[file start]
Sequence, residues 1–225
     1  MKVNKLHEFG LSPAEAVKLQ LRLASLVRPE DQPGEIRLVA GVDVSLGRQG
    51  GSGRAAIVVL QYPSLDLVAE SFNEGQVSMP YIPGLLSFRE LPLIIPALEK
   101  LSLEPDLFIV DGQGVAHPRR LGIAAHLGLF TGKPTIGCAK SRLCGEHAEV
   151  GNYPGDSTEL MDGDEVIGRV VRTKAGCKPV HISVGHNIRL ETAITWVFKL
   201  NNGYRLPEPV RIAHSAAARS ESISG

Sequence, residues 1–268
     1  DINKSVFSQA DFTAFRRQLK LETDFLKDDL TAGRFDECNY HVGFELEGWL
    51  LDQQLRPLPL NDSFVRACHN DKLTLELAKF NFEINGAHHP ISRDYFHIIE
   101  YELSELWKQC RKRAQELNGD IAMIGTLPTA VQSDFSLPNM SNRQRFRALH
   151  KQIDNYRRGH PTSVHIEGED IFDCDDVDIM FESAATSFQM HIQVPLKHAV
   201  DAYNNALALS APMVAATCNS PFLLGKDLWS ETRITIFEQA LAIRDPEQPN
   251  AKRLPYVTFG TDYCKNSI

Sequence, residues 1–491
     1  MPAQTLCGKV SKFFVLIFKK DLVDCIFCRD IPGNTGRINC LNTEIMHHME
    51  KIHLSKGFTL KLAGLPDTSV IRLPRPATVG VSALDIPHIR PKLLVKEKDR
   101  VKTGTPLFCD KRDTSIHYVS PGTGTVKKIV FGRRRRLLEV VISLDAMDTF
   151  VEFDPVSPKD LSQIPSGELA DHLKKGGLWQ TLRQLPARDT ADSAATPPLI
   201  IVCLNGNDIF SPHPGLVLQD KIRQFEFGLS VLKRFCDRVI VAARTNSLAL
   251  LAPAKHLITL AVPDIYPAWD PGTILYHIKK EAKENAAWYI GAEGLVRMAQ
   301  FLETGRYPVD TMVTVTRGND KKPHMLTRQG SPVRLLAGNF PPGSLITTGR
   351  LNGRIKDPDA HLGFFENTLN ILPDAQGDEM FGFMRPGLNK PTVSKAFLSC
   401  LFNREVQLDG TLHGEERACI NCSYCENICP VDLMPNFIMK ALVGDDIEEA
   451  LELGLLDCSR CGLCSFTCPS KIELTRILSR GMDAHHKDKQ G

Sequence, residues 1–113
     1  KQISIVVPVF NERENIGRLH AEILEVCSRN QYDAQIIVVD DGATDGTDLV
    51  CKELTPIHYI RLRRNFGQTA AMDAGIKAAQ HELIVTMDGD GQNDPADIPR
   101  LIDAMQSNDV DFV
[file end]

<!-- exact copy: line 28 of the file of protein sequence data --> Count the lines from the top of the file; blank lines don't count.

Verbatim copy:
   101  LIDAMQSNDV DFV